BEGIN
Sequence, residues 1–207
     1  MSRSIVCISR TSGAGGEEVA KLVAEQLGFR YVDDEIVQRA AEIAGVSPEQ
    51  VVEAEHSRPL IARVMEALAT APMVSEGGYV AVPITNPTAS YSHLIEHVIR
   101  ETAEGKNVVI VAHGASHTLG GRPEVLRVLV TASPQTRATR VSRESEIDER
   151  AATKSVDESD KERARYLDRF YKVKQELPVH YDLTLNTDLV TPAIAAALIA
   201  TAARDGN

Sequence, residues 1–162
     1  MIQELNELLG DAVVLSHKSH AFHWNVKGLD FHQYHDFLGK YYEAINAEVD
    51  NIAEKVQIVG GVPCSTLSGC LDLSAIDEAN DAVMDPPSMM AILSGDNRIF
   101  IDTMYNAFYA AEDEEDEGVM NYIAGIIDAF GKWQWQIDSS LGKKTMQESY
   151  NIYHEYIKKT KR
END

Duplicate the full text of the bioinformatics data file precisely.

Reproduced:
Sequence, residues 1–207
     1  MSRSIVCISR TSGAGGEEVA KLVAEQLGFR YVDDEIVQRA AEIAGVSPEQ
    51  VVEAEHSRPL IARVMEALAT APMVSEGGYV AVPITNPTAS YSHLIEHVIR
   101  ETAEGKNVVI VAHGASHTLG GRPEVLRVLV TASPQTRATR VSRESEIDER
   151  AATKSVDESD KERARYLDRF YKVKQELPVH YDLTLNTDLV TPAIAAALIA
   201  TAARDGN

Sequence, residues 1–162
     1  MIQELNELLG DAVVLSHKSH AFHWNVKGLD FHQYHDFLGK YYEAINAEVD
    51  NIAEKVQIVG GVPCSTLSGC LDLSAIDEAN DAVMDPPSMM AILSGDNRIF
   101  IDTMYNAFYA AEDEEDEGVM NYIAGIIDAF GKWQWQIDSS LGKKTMQESY
   151  NIYHEYIKKT KR